I usually don't get many comments on my blog entry (and I would be happy to hear from more of you), but on May 30, PJGould said that he had come across a child who started his counting with zero. Of course, he noted, that made his counting always off by one. After all, zero is not a counting (natural) number. But what does zero mean?

In elementary (K-5) curriculum, there are 3 meanings of zero - perhaps it is more accurate to say 3 ways zero is used. First, zero indicates the cardinality of an empty set - that is, zero means 'nothing.' This is probably the most commonly used meaning of zero in elementary school. Another place zero is used is as a place holder in a written numbers, such as 3042. Of course, this is a slight extension of the first meaning in that there is no unit of one-hundred in this written number. So, it is still pretty close to the first meaning.

The third usage of zero in elementary schools is the starting point of a number line. In some textbooks, a number line actually starts with zero as shown below.

In other textbooks, the tick mark for zero is not at the end of a number line, implying that there may be something to the left of zero as well.

As students study positive and negative number, one of the important understanding students have to make is the meaning of zero as a referent point, or the origin, on the number line. As long as students are stuck with the idea that zero means 'nothing,' some will have difficulty making sense of numbers that is 'less than nothing.' Rather, students must look at zero as a referent point on a number line, and those number to the right of zero are positive and those on the left are negative. The distance from zero, whether on the right or left is the absolute value of the number.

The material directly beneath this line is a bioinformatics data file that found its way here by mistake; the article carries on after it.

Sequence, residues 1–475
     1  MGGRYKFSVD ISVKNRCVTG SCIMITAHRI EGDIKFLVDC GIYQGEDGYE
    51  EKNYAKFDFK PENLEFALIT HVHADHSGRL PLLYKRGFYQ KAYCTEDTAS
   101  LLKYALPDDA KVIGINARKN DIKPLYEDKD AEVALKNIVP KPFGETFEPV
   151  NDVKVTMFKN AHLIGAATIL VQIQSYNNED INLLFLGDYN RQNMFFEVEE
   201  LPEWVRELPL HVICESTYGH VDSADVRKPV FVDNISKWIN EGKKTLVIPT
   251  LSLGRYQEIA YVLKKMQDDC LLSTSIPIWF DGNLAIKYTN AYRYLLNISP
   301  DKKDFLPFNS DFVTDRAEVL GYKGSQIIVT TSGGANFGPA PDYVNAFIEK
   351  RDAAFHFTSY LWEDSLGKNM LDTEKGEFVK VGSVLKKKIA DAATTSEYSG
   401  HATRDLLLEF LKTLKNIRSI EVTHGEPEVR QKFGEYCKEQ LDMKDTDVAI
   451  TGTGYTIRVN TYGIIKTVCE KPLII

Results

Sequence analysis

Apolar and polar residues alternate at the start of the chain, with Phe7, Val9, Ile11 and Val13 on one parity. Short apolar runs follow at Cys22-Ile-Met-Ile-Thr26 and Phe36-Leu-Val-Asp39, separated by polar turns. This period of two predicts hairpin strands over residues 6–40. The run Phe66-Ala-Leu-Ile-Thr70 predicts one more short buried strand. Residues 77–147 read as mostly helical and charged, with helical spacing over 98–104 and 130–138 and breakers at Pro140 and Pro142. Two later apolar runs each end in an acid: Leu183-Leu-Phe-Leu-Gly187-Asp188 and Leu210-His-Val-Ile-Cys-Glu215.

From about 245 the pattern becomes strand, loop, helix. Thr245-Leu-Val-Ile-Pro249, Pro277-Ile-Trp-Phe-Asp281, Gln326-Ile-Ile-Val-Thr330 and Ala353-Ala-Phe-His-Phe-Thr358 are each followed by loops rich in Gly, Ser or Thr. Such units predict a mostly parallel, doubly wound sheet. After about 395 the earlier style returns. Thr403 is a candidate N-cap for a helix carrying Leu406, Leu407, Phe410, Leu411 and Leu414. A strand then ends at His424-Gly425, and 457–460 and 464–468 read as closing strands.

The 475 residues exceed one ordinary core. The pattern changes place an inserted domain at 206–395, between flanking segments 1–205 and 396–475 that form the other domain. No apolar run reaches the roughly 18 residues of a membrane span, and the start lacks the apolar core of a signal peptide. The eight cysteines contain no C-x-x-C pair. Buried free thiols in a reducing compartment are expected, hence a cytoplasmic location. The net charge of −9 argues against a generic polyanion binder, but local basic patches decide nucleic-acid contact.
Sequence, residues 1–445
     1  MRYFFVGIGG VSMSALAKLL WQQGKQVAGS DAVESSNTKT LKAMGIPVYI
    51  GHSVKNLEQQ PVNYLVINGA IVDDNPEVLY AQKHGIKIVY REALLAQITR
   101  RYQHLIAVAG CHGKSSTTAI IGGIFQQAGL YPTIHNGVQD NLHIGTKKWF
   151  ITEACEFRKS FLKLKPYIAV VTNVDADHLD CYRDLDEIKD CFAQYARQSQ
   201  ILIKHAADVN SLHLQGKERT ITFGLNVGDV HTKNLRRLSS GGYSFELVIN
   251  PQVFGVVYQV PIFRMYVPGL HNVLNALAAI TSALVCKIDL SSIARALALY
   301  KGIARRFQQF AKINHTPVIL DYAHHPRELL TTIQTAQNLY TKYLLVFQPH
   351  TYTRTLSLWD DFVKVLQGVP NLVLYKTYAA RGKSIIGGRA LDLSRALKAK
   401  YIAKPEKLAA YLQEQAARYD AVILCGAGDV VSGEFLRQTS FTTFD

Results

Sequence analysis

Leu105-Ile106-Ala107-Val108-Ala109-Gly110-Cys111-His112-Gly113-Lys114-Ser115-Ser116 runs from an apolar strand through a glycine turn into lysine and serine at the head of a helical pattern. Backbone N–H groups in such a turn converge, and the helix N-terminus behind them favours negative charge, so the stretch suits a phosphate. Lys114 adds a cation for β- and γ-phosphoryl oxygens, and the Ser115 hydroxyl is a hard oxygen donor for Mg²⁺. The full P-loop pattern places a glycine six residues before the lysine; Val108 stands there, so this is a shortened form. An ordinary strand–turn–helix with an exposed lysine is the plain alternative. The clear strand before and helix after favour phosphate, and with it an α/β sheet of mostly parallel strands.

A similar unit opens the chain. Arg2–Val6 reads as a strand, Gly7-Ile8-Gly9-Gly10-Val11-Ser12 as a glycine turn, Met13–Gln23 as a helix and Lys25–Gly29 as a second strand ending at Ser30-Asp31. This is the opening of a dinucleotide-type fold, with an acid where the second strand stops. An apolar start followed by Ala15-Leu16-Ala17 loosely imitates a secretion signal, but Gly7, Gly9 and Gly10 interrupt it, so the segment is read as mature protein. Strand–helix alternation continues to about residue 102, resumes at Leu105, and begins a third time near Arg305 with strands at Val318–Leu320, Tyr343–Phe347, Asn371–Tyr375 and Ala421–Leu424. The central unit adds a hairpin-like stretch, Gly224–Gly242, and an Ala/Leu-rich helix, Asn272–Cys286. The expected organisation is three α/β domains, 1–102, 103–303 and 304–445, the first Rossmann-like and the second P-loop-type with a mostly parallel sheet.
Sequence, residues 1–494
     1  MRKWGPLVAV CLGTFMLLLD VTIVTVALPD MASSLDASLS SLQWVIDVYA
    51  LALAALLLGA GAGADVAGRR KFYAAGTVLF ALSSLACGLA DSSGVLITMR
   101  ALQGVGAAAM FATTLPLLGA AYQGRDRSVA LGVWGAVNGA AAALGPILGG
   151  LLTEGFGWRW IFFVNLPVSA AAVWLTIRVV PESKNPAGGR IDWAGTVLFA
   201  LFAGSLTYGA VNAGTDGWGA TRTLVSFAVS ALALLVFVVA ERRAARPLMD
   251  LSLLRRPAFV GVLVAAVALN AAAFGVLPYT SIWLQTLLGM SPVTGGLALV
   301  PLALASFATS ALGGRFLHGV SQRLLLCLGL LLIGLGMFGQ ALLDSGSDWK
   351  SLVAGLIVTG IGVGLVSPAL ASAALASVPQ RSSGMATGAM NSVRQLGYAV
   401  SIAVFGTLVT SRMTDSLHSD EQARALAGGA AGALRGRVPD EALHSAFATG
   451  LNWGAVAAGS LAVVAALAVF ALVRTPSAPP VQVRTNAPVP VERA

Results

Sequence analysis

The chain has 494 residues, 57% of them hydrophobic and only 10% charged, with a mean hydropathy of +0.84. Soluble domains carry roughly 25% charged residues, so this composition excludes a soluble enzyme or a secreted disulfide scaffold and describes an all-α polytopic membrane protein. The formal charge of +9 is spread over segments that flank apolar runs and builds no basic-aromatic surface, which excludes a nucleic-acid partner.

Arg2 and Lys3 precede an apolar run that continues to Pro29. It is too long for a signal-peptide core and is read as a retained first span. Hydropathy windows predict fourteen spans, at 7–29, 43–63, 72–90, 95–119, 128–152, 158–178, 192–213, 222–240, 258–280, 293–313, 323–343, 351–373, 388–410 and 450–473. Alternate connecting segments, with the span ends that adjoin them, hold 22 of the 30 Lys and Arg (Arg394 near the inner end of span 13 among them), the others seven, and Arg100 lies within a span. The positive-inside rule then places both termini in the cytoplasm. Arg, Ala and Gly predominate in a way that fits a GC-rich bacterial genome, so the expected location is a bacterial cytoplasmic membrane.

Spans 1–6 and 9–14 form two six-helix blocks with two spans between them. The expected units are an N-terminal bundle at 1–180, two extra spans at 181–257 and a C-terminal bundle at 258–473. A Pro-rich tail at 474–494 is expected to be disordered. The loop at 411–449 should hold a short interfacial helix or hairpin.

For those of us who already understand positive and negative numbers, this way of looking at zero is not a major issue. However, we should be aware that this meaning of zero isn't something students are familiar with. In most elementary curriculum, very little explicit discussion takes place about the role of zero on a number line. Thus, when we introduce positive and negative numbers, we do have to keep this shift in understanding of zero in our mind.

Tuesday, June 2, 2009

M3N5 a - Modeling decimal numbers

M3N5. Students will understand the meaning of decimal fractions and common fractions in simple cases and apply them in problem-solving situations.
a. Understand a decimal fraction (i.e., 0.1) and a common fraction (i.e., 1/10 represent parts of a whole.

According to the GPS, decimal numbers are introduced in Grade 3. In Grade 3, though, students only consider decimal numbers only in the first decimal place (or the tenths place, if students have already learned fraction terminology). Decimal numbers to the 2nd decimal place and beyond are studied in Grade 4 and above.